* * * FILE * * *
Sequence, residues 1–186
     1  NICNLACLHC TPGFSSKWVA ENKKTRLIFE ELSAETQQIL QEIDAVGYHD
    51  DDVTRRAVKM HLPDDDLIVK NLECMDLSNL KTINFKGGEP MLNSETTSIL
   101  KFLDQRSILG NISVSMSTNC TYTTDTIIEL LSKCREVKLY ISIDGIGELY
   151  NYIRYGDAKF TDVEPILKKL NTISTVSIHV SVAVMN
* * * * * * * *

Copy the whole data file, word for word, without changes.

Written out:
Sequence, residues 1–186
     1  NICNLACLHC TPGFSSKWVA ENKKTRLIFE ELSAETQQIL QEIDAVGYHD
    51  DDVTRRAVKM HLPDDDLIVK NLECMDLSNL KTINFKGGEP MLNSETTSIL
   101  KFLDQRSILG NISVSMSTNC TYTTDTIIEL LSKCREVKLY ISIDGIGELY
   151  NYIRYGDAKF TDVEPILKKL NTISTVSIHV SVAVMN